AN OFFICE of Fair Trading study into how markets work in remote communities should help local people to get better deals, according to the agency’s Scottish representative Kyla Brand.
Yet it will not bring immediate improvements unless islanders themselves demand more transparency and fairness from business and service providers, or lobby local politicians.
On the major bugbear of fuel prices the OFT continues to gather evidence that eventually might lead to an investigation under the Competition Act.
Just 15 people turned out for a public meeting hosted by the OFT at the Islesburgh Community Centre, on Thursday evening.
During the well organised two hour long session participants were encouraged to work in groups to identify the key issues consumers and businesses were facing in Shetland.
lack of choice in health services, particular dentistry where people were forced against their will to “go private” due to the long NHS waiting lists;
overpriced professional services where only a few providers control the market;
fuel prices (petrol, diesel, heating oil) that are 10 to 15 per cent higher than on the Scottish mainland;
lack of charge free cash machines in rural areas, reduced opening times of the remaining post offices, and difficulties for small businesses to access banking loans;
poor broadband speeds in many outlying areas discouraging people from taking full advantage of the internet, either commercially, educationally or as a social medium;
broadband speeds also suppressing Shetland’s economy and encouraging many young people to leave the islands for good;
local retailers regarding online shopping as a threat to viability of their shops;
government fuel payments not taking account of the wind chill factor;
additional cost for individuals accessing health services that are free, such as staying in Aberdeen while a family member is in hospital;
dynamic fare structure for flights in and out of Shetland unfair and not in compliance with the lifeline nature of service;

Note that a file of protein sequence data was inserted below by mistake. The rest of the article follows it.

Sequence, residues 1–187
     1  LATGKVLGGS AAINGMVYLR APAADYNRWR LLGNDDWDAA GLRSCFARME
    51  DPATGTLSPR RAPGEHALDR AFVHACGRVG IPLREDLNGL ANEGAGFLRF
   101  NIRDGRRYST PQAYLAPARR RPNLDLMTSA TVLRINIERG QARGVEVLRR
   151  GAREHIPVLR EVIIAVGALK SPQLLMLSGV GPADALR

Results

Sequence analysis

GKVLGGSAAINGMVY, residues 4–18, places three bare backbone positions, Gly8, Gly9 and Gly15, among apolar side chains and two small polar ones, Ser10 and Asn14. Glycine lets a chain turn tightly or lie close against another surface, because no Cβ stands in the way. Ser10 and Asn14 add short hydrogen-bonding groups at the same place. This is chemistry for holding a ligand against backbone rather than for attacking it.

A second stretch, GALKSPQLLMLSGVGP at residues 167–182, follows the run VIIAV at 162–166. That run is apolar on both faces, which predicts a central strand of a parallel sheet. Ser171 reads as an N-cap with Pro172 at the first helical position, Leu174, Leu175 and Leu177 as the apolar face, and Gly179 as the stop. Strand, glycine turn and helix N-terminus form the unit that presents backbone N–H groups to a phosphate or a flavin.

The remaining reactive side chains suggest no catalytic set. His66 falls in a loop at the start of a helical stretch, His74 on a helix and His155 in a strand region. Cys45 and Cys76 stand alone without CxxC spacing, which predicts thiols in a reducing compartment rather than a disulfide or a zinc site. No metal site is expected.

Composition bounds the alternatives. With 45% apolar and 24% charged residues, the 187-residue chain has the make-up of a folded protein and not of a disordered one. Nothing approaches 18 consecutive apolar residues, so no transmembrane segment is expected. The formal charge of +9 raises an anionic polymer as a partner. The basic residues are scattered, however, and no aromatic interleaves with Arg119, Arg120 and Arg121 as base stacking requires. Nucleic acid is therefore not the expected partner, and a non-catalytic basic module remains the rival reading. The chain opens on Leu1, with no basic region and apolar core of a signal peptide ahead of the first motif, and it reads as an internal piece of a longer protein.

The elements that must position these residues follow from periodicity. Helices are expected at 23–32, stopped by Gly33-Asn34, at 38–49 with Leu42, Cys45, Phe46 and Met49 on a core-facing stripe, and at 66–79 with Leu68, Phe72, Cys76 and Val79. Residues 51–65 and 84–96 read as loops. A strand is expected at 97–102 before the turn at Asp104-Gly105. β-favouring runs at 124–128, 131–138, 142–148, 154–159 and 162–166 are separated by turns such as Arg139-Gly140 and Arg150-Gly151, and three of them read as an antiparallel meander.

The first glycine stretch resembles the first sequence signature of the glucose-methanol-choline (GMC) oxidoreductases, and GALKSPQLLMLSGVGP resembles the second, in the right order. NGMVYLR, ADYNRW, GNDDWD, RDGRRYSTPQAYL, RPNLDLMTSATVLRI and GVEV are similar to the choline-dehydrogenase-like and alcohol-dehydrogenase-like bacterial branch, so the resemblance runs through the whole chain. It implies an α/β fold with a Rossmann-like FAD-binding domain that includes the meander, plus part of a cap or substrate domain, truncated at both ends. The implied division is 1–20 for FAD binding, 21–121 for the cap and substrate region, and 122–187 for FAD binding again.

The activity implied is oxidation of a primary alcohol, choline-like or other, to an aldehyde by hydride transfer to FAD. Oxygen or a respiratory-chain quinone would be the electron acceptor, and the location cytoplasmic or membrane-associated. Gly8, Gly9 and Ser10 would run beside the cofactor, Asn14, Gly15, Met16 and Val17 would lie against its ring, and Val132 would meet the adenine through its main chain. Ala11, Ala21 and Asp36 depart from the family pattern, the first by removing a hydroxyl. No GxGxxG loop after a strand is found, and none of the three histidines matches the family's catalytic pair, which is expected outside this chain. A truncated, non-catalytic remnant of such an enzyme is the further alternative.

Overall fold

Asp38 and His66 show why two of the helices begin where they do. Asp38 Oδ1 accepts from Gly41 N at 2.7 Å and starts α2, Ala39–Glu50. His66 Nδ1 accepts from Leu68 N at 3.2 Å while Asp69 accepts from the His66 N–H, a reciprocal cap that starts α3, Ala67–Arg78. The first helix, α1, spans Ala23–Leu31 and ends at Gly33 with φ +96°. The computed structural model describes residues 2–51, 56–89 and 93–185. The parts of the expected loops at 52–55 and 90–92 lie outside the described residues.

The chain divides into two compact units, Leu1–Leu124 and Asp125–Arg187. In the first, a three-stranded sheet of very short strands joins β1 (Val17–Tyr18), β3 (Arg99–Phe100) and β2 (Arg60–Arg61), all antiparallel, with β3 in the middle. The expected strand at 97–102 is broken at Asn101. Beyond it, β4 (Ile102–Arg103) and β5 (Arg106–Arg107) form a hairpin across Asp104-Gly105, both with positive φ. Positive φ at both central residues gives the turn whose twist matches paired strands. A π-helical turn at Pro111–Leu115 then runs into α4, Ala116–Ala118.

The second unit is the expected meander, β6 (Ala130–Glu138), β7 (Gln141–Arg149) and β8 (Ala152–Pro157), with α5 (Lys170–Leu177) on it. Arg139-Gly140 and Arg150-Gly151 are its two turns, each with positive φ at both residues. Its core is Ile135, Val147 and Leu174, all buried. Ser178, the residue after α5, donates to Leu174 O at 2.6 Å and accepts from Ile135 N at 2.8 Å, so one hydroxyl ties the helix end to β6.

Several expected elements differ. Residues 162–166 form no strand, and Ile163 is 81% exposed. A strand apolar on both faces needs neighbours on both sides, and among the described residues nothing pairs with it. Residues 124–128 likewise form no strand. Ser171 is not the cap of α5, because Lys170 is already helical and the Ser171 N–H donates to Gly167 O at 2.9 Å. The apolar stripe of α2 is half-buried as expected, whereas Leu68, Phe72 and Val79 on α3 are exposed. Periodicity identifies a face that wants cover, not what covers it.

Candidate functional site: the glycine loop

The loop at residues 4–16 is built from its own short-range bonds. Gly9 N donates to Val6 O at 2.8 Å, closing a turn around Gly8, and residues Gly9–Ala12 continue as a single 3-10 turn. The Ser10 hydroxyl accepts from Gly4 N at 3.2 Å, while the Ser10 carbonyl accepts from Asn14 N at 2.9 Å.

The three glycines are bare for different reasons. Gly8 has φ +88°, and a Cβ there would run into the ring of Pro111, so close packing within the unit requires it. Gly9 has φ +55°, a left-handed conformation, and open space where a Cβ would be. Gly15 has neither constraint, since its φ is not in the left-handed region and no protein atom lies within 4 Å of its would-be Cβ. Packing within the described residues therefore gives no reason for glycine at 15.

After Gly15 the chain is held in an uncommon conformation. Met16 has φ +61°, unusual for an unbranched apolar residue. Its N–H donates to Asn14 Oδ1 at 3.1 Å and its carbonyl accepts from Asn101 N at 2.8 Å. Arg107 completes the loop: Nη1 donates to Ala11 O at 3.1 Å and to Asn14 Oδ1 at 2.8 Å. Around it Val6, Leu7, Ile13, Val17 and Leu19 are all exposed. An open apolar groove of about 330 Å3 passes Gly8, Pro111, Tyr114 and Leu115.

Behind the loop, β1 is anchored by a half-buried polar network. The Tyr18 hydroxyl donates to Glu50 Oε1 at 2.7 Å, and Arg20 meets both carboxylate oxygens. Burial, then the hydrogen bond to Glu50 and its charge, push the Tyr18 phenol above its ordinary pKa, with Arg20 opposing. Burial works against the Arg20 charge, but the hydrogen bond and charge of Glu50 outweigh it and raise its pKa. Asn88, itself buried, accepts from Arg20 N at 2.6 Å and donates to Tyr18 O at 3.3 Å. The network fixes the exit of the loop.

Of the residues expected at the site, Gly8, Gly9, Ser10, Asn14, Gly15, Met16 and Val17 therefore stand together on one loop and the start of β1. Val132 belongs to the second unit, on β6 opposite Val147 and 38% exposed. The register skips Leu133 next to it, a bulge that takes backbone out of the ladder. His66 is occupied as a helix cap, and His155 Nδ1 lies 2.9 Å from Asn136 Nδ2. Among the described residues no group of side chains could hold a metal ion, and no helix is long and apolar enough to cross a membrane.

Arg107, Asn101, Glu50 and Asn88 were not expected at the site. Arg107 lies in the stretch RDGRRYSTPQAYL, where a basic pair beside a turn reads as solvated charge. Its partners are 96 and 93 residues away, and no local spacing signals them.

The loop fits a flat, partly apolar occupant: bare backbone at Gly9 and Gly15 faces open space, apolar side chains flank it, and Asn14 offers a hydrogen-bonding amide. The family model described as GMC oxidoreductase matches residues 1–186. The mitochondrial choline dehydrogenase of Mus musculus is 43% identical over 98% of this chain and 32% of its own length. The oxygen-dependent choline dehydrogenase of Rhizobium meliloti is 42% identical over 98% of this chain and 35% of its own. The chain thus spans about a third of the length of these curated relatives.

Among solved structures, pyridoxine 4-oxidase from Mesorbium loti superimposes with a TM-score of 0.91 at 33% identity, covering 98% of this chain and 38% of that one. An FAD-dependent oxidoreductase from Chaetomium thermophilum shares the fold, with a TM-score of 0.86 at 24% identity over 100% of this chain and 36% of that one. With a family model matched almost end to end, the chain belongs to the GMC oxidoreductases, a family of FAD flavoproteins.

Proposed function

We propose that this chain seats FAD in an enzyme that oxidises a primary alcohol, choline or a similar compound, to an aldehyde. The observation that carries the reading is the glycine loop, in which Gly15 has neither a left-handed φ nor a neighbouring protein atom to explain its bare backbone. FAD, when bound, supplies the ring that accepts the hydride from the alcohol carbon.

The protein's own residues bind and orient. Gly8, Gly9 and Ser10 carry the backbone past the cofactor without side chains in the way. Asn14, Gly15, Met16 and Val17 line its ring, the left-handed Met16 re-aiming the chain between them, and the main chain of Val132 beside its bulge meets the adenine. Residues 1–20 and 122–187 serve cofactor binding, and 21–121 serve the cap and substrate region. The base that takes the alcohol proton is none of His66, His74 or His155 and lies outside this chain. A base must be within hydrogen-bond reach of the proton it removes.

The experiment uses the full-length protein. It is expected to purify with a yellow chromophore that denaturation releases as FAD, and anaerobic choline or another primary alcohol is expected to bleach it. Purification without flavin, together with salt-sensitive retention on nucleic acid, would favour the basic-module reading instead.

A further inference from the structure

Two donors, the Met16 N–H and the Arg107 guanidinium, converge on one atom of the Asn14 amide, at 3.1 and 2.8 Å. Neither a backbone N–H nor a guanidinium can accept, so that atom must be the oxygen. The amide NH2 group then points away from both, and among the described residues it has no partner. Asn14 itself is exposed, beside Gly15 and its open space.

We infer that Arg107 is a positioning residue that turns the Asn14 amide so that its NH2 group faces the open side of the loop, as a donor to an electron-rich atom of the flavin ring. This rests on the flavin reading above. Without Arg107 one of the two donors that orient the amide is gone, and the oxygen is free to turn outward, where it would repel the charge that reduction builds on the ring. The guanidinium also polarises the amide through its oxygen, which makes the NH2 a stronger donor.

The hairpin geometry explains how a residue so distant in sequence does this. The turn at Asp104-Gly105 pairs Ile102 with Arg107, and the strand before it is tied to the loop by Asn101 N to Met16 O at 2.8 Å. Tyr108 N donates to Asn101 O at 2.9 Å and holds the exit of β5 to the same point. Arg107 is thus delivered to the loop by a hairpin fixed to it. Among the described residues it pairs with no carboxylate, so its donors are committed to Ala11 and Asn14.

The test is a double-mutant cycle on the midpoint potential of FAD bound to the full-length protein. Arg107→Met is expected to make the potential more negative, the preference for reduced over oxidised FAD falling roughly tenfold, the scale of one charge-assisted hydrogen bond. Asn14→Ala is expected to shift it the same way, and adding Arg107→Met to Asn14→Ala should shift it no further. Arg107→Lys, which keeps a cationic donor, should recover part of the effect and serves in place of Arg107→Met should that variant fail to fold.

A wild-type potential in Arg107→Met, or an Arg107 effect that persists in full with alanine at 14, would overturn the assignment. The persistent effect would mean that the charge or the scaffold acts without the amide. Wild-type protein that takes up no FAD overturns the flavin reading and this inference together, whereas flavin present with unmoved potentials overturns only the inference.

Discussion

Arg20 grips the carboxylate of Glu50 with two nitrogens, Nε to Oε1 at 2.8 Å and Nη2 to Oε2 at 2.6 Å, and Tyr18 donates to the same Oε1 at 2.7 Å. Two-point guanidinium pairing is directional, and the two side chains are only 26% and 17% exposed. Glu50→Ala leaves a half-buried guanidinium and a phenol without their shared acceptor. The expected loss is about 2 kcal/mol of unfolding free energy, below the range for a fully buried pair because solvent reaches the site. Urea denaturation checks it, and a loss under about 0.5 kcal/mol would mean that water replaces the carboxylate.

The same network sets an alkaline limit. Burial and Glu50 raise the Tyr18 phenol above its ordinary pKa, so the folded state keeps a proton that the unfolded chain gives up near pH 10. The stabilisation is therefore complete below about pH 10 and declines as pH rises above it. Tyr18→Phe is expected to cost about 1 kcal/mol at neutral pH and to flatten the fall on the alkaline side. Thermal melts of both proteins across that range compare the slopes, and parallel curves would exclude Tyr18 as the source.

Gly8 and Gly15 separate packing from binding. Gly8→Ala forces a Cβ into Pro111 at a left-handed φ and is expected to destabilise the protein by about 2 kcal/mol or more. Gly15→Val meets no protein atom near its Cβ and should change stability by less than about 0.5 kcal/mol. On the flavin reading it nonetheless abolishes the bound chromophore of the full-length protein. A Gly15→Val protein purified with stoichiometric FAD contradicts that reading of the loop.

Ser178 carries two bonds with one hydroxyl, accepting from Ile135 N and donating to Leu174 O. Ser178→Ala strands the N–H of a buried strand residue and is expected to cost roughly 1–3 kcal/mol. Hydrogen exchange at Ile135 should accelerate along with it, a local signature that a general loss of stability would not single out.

difficulties getting access to the local electricity grid for small domestic renewable energy projects.
Those present on Thursday were also asked to discuss ways to overcome those disadvantages, including:
community development groups, such as Northmavine Community Development Company, running local services such as shops, post offices etc;
high level of volunteering and community spirit compensating for some of the disadvantages;
shopping around to get prices for services from the mainland and then bargaining locally to get reductions;
buying locally to strengthen the local market;
introducing competition, such as Shetland Telecom, which has prompted BT to upgrade some of the exchanges to higher speed broadband.
After the meeting, Ms Brand said: “I think one of things we will be able to do is to help islanders demand more transparency, and therefore put themselves in a more powerful position to either get the best possible price for them, or to inform the kinds of policy driven solutions that might make a difference for them.”
Referring to the OFT’s separate research into fuel prices, she added: “What we have undertaken is to look at the price differentials to really understand what the movement of price over time is.
“Where you have a market that is highly volatile, the impression that individuals have on a day to day basis is not necessarily indicative of a seriously different set of margins at different stages in the supply chain.
“We will be continuing with that work, and on the basis of that we will be able to determine whether there are grounds for using the kinds of powers we have for a full investigation.
“We do not have the powers simply to move to a Competition Act investigation unless there is some clear evidence that there is some sort of transgression of the rules.”
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